Every time I need to setup a new server, unless the application(s) I’m planning to host on it requires different, my go to operating system has been CentOS for the past decade or so, mostly because of how rock solid it is (I don’t think I’ve ever had a CentOS server crash on me). That’s partly because it is a derivative from Red Hat Linux. In fact, Red Hat not only owns the trademarks for CentOS, it also employees their primary developers. I hardly ever setup a Linux server with a GUI so most of the time I install it with the minimalist image which works great for my LAMP servers, SAMBA servers and script servers. Because of its association with Red Hat, most mainstream Linux applications have support and documentation for CentOS. Another extremely important thing to look for in server operating systems is the lifecycle, meaning how long will the CentOS team maintain the release of a version and provide security updates and such. Most CentOS versions have a lifecycle for a decade so you won’t have to worry about being forced to upgrade anytime soon after you implement a CentOS server.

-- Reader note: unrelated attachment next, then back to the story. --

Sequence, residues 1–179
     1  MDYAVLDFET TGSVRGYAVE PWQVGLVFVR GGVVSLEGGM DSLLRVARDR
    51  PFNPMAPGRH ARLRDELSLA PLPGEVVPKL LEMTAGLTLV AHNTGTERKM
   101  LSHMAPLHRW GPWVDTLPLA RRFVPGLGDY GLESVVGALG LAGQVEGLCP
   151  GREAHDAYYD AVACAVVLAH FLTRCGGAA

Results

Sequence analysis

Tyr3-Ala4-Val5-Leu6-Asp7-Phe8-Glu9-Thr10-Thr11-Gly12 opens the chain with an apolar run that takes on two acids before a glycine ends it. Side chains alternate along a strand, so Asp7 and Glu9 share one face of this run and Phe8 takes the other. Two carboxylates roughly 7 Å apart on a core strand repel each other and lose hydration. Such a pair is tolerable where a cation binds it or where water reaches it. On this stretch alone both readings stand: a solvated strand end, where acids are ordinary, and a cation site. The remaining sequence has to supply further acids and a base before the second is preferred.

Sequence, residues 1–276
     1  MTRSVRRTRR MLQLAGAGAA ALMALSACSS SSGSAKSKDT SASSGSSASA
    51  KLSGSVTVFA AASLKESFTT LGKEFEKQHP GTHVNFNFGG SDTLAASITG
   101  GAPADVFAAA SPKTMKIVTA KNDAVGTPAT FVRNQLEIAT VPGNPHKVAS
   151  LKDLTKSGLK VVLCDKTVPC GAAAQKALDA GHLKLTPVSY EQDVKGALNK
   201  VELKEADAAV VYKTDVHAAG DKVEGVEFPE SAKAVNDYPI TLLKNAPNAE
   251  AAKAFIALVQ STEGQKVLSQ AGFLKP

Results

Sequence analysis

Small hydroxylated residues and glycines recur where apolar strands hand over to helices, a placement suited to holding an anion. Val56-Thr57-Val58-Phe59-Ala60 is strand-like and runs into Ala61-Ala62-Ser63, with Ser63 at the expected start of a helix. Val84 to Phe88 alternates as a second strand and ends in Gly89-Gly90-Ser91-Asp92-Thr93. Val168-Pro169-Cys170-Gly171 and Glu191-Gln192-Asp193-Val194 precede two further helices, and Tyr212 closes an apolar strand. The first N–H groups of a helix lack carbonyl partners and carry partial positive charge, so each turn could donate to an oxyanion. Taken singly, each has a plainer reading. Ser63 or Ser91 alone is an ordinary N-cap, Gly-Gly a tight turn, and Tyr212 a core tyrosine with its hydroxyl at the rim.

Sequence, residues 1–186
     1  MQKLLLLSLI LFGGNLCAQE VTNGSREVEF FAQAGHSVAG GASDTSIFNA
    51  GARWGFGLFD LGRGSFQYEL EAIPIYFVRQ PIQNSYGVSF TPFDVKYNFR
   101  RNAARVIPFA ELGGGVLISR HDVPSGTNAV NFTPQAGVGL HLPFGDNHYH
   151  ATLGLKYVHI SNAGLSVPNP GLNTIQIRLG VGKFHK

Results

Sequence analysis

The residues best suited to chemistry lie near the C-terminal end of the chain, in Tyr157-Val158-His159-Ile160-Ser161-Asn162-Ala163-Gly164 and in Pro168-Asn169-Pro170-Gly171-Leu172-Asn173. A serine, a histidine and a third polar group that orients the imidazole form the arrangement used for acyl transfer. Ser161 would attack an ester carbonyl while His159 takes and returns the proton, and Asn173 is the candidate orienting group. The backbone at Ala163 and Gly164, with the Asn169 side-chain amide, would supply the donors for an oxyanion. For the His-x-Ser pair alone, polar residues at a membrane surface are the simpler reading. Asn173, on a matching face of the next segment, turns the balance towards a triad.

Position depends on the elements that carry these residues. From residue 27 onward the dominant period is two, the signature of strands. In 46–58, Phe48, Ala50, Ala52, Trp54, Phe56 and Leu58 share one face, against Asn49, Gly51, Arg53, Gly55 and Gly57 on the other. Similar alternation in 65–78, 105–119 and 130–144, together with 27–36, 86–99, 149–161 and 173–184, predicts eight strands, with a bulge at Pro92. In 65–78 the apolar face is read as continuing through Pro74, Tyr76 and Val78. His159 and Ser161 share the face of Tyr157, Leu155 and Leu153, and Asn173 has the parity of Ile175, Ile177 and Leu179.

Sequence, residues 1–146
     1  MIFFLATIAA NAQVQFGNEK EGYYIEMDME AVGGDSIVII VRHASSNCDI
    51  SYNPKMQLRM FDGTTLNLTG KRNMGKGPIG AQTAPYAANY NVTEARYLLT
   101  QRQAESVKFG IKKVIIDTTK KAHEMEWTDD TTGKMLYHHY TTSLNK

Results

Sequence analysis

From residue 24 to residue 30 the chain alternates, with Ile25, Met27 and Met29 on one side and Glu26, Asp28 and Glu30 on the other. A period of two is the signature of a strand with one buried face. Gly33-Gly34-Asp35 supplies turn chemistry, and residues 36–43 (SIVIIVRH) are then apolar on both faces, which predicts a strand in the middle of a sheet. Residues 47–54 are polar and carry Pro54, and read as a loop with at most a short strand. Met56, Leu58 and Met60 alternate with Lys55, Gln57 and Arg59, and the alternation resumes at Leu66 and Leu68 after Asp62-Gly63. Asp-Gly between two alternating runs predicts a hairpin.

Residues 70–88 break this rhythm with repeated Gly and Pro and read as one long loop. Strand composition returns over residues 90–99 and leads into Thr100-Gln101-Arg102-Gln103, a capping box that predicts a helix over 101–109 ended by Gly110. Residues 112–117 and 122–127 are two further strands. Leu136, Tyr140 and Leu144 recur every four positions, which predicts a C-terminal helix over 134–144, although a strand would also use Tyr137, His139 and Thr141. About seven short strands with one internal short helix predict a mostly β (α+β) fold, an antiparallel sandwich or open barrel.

I wouldn’t recommend using CentOS as a workstation at all given that its GUI is extremely slimmed down but for a server operating system you are hard pressed to find a OS as solid as CentOS.